The desire to paint corporate necessity in the best possible light sometimes produces bizarre scenes. Apple in 2018 basically slapped its backs on paying taxes and buying equipment to make iPhones.
Tech companies are becoming like every other for-profit corporation. They want to be seen as contributing to society, not just making money.
Tips of the week
Don’t share your location in pictures. Please.
This tip from Brian X. ChenThe New York Times consumer technology columnist asked me to immediately check my phone’s settings:
Many of us rely on our smartphones for everyday cameras. But our phones collect a lot of data about us, and the camera software can automatically note our location when we take a photo. This is often a potential safety risk rather than a benefit.
Let’s start with the positives. When you allow your camera to tag your location, photo management apps like Apple Photos and Google Photos can automatically organize photos into albums based on location. That comes in handy when you’re on vacation and want to remember where you were when taking snapshots.
But when you’re not traveling, tagging your location on photos isn’t that great. Let’s say you just connected with someone on your dog photo dating and messaging app. If you turned on location when taking a photo, that person can analyze the data to see where you live.
To be safe, make sure that photo positioning is disabled by default.
To do this on iPhone: Open the Settings app, select Privacy, then Location Services and finally Camera. Under “Allow location access”, select “Never”.
On Android, inside the Camera app, tap the Settings icon that looks like a cog. Scroll to “tag location” or “save location” and switch the switch to the off position.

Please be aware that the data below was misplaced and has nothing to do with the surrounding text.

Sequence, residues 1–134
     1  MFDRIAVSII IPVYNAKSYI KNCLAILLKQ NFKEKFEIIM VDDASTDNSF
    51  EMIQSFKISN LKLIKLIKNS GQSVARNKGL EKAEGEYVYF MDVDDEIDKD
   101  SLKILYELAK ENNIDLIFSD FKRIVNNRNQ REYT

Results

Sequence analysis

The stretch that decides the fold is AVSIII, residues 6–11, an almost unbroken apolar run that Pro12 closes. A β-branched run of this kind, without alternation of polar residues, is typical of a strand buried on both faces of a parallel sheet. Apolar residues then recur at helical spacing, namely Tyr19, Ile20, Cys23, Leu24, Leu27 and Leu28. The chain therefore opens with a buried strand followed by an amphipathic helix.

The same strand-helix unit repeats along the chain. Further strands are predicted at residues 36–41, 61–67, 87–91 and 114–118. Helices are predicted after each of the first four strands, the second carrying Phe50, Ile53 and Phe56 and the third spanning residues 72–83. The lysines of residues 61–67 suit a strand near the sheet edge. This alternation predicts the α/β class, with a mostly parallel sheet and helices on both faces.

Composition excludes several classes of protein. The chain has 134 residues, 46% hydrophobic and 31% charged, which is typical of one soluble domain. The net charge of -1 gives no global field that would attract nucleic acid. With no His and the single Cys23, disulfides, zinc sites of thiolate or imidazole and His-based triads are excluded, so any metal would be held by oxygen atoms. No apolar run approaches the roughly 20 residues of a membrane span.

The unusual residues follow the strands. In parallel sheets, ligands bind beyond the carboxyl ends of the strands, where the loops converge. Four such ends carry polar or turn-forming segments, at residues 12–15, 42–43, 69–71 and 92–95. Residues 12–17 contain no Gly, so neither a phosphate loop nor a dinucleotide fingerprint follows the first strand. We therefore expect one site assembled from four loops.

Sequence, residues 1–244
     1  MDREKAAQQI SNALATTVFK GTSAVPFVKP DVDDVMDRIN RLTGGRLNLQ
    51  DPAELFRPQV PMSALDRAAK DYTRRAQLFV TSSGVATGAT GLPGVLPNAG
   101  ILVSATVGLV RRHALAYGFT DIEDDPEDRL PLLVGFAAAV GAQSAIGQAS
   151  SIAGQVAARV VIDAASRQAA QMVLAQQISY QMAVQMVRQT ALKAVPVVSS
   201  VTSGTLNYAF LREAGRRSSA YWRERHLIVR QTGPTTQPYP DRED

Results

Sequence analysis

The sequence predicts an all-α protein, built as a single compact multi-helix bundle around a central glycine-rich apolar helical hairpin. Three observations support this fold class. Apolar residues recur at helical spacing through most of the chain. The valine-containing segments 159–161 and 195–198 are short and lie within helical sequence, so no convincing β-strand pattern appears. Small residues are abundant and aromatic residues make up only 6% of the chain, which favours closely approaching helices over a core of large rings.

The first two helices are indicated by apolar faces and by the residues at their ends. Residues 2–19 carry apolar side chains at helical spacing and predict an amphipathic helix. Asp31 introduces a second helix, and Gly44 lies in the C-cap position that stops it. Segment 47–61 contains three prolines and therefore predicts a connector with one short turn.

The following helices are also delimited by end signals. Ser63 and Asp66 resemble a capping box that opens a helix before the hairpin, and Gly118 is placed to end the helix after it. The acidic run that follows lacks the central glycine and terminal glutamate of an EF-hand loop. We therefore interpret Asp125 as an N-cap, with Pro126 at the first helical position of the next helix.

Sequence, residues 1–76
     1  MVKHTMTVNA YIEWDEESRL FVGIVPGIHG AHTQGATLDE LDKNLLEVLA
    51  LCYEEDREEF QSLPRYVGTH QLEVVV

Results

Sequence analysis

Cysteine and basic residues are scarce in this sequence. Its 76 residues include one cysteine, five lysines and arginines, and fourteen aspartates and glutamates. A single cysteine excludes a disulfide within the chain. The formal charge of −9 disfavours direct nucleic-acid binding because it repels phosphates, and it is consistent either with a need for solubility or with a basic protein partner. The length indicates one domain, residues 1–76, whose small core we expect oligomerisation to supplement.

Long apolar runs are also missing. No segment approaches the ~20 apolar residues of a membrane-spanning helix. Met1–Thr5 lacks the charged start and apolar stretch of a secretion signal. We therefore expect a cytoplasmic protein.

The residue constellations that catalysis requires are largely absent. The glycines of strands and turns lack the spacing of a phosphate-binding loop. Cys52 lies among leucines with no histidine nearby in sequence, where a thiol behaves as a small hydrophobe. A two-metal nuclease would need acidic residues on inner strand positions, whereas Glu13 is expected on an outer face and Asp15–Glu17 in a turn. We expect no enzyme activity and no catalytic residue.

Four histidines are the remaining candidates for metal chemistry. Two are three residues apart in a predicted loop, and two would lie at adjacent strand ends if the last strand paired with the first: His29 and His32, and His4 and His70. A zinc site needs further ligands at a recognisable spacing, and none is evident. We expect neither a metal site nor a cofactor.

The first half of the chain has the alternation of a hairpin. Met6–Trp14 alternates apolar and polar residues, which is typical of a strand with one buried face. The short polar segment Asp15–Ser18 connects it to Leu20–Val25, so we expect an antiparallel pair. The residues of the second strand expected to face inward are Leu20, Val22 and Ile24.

You can choose to temporarily turn on location to record your vacation, but remember to turn it off when your trip is over.
Before we go …
A very valuable chat app: My colleagues reported that Discord, a popular messaging app for group video games, discussed selling the company to Microsoft. A purchase may never happen, but the price discussed is over $ 10 billion.
Meet Dr. Zoom: Some medical schools did the dissection of corpses using simulation software during a pandemic, and, yes, that sounds strange. My colleague, Emma Goldberg, spoke to the doctors during the training about how they have adapted to the virtual learning approach in a very hands-on education.
You want to feel old and irrelevant ?! Ryan Kaji is 9 years old. His family generates $ 30 million in annual revenue from Ryan’s YouTube channels opening new toys, exercising and crafting projects. His family told Bloomberg News that the real money from those videos came from selling branded items like toys and clothing.
Here officially spring in the Northern Hemisphere. Relax with this stunning video about robins. (This was suggested by the New York Times Cook bulletin.)